Difference Between RTD and Thermocouple

The key difference between RTD and thermocouple is that RTDs function by detecting alterations in the electrical resistance of a metal wire, typically platinum, as temperature fluctuates. With rising temperatures, the resistance of the RTD likewise increases while, Thermocouples produce a voltage gradient resulting from temperature disparities between two dissimilar metals at their junction. This voltage is directly correlated with the temperature.

What is RTD?

RTD stands for Resistance Temperature Detector, a type of temperature sensor that determines temperature by measuring the resistance of an electrical wire. This wire functions as the temperature sensor, where its resistance changes with variations in temperature. Essentially, as the metallic substance heats up, its resistance increases, and conversely, it decreases when the heat supplied diminishes.

The fluctuation in resistance of the wire, whether it increases or decreases, indicates a change in temperature, allowing for the prediction of temperature variations based on resistance changes.

Typically, metals with well-known resistance characteristics are utilized in constructing RTDs to facilitate easy interpretation and recording of changes. Commonly used metals for RTD construction include copper, nickel, and platinum.

It’s worth noting that platinum is often preferred due to its stable resistance temperature characteristics across a wide operating range. In contrast, nickel tends to exhibit non-linear behavior above 300°C.

What is Thermocouple?

The thermocouple is another electrical device employed for temperature sensing, utilizing voltage as its measuring parameter. It operates on the principle of the thermoelectric effect, where temperature influences voltage generation. Comprising two distinct electrical conductors forming an electric junction, it functions by generating voltage when subjected to varying temperatures.

Essentially, when two dissimilar metal wires are heated, the temperature difference between them induces electromotive force (EMF) in the circuit, with the voltage produced being measured at the junction.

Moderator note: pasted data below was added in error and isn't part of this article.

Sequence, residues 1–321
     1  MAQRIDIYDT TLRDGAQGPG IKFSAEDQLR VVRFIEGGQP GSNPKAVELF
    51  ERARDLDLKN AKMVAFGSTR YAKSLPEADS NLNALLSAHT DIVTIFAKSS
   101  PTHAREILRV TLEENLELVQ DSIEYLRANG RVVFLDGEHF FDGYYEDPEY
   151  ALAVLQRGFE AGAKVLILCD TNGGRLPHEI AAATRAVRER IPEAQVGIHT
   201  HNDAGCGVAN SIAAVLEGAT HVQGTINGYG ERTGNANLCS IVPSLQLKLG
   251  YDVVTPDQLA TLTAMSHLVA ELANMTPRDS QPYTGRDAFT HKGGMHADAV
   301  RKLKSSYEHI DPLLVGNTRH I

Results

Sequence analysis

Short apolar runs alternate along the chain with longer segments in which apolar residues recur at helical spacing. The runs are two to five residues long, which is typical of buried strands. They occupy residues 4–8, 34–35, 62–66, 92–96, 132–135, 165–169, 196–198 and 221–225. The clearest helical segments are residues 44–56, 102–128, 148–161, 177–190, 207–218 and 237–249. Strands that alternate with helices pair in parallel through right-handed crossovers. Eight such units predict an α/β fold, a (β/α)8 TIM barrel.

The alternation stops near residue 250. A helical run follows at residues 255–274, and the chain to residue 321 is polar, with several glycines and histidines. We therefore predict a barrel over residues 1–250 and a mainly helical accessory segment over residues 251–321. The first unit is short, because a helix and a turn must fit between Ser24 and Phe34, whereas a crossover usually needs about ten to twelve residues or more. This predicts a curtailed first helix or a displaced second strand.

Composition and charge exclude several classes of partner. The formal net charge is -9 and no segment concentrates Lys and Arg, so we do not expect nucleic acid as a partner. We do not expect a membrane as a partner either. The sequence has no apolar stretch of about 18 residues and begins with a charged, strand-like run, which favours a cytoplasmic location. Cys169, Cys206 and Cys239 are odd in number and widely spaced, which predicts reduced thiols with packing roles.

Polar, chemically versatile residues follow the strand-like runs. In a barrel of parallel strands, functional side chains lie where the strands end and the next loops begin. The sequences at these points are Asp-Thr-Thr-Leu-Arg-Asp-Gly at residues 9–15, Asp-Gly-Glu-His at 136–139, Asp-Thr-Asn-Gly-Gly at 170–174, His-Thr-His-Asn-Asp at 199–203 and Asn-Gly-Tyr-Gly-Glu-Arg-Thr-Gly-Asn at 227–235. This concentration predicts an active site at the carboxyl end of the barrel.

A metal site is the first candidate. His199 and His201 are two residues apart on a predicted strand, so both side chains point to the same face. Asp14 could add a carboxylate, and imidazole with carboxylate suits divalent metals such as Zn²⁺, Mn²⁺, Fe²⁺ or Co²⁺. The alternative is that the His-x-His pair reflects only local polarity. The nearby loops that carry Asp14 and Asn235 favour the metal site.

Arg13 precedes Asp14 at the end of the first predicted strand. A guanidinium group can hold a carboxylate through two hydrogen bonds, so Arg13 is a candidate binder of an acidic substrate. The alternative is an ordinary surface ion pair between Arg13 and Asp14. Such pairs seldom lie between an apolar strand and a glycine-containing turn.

Notably, different combinations of metals yield distinct temperature ranges and sensor characteristics. Common metal pairs utilized in thermocouple construction include copper-iron, copper-constantan, and antimony-bismuth. Various types of thermocouples, such as E, J, K, B, etc., are differentiated based on their metal combinations.

Additionally, it’s referred to as a thermoelectric thermometer.

RTD vs Thermocouple

The primary difference between RTD and thermocouple is given below:

Operating PrincipleTemperature changes with change in resistance.Temperature changes with change in EMF generated.
Measurement MethodMeasures resistance of metal wire.Measures voltage generated at the junction of two dissimilar conductors.
Response TimeTypically 1 – 50 seconds.Typically 0.1 – 10 seconds.
CostGenerally higher.Generally lower.
Operating RangeTypically -200 to 600°C.Typically -200 to 2000°C.
Physical SizeLarger.Comparatively smaller.
AccuracyTypically higher.Typically lower.
Self-HeatingExists.Does not exist.
StabilityTypically more stable.Typically less stable.
Common ApplicationsEngine temperature, amplifier temperature, oil temperature sensor, etc.Chemical and petroleum plants, industrial temperature sensing, etc.

Leave a Comment